The threats were of a diverse nature but all clearly targeted women. Some were against specific institutes or departments at University of Toronto. Others were far more general. In all cases, there was a promotional quality to them, with the author actively urging others to turn up in feminist classrooms and to kill women. Both feminist faculty and feminist students were identified as targets, with special emphasis placed on the faculty. Correspondingly, people were given a vague sense of where to go to rent a gun for $40.00 a day in order to shoot the feminists. That said, the write-ups of the story in newspapers to date all convey the sense that the messages are highly disturbing but very few convey the flavour of it. To give you a sense of the highly graphic nature of the posts, one fairly typical message read, "Walk into the classroom and fire a bullet at the feminist Professor's head and proceed to spray bullets all over the classroom until all the slutty women are killed."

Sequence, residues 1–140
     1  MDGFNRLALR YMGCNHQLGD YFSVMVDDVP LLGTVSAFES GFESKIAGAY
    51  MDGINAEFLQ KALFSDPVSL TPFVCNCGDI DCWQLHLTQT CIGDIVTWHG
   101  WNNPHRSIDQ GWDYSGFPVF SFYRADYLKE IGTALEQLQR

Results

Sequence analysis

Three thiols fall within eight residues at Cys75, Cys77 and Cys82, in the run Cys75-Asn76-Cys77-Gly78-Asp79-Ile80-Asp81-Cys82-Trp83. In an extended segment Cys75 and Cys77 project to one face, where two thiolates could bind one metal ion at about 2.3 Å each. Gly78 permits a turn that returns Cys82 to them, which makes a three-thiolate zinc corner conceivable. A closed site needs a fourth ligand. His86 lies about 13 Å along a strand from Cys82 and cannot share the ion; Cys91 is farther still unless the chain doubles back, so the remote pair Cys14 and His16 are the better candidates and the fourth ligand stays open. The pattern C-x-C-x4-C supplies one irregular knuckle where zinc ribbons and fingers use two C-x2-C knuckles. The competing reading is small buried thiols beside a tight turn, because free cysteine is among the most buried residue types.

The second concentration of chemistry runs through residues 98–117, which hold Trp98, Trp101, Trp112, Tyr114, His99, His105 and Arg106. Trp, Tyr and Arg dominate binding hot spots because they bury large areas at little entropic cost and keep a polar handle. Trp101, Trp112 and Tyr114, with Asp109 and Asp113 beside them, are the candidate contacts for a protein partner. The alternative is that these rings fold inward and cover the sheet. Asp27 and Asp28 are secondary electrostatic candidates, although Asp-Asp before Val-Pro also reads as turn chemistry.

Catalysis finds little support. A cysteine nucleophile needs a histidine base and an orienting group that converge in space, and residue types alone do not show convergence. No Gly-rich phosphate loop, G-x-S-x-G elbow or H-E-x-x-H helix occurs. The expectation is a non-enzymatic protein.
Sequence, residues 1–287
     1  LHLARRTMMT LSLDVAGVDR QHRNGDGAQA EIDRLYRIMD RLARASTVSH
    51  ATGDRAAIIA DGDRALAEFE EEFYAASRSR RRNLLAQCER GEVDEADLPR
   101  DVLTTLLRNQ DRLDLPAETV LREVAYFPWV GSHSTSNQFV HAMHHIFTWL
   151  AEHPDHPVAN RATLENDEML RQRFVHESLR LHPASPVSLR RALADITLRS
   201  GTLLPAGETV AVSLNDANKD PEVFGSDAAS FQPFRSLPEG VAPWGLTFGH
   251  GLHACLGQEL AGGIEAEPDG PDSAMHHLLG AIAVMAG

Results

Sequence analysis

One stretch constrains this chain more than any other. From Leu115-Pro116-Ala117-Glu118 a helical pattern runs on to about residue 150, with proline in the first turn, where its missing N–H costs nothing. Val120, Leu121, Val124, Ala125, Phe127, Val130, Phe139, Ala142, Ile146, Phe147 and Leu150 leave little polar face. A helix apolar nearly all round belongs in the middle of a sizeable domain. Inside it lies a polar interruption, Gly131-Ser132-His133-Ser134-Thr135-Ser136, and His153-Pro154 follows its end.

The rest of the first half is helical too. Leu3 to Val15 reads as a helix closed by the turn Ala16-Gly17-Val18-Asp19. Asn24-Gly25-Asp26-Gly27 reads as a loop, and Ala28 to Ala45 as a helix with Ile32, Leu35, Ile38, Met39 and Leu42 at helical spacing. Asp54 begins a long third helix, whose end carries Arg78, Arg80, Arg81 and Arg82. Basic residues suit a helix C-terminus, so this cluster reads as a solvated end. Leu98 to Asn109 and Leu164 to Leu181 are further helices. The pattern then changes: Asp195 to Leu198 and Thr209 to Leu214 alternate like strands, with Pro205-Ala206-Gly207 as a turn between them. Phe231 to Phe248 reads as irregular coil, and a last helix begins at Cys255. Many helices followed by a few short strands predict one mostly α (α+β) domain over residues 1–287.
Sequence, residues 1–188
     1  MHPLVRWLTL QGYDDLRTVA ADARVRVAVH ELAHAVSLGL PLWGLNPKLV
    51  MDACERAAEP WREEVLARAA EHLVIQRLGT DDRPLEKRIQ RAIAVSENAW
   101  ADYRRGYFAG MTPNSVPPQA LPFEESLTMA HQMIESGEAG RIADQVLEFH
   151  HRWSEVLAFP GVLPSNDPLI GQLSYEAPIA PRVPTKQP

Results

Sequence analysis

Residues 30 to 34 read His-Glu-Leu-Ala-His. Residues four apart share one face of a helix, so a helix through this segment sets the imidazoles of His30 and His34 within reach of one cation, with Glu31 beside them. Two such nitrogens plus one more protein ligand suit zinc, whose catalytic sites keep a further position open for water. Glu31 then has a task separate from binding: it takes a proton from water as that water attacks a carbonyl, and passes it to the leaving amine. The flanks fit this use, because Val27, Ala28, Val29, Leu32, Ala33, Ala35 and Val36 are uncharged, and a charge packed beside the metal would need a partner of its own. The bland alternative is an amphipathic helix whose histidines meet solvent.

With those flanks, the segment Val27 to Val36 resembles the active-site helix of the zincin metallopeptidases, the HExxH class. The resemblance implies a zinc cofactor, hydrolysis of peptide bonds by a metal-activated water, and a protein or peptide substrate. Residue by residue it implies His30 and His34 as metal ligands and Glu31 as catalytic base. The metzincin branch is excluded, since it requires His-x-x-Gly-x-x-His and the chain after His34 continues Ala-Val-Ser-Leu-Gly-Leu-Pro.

There have been various reactions to this unexpected turn of events by the U of T community and by the community at large. A police investigation immediately ensued which assessed the risk as very low. The University of Toronto, nonetheless, has stepped up its security -- a responsible reaction. There has been calls here and there for classes to be canceled -- an understandable reaction, but a worrisome one when you consider the message that it would send -- that if you want to shut down all feminist education, all you have to do is compose an internet threat, then click post. On a very different note, feminists have been mobilizing. And CUPE 3902 (the Women's Caucus) has called a demonstration for Monday (the first day of classes). And, to my relief, classes are more or less carrying on as planned.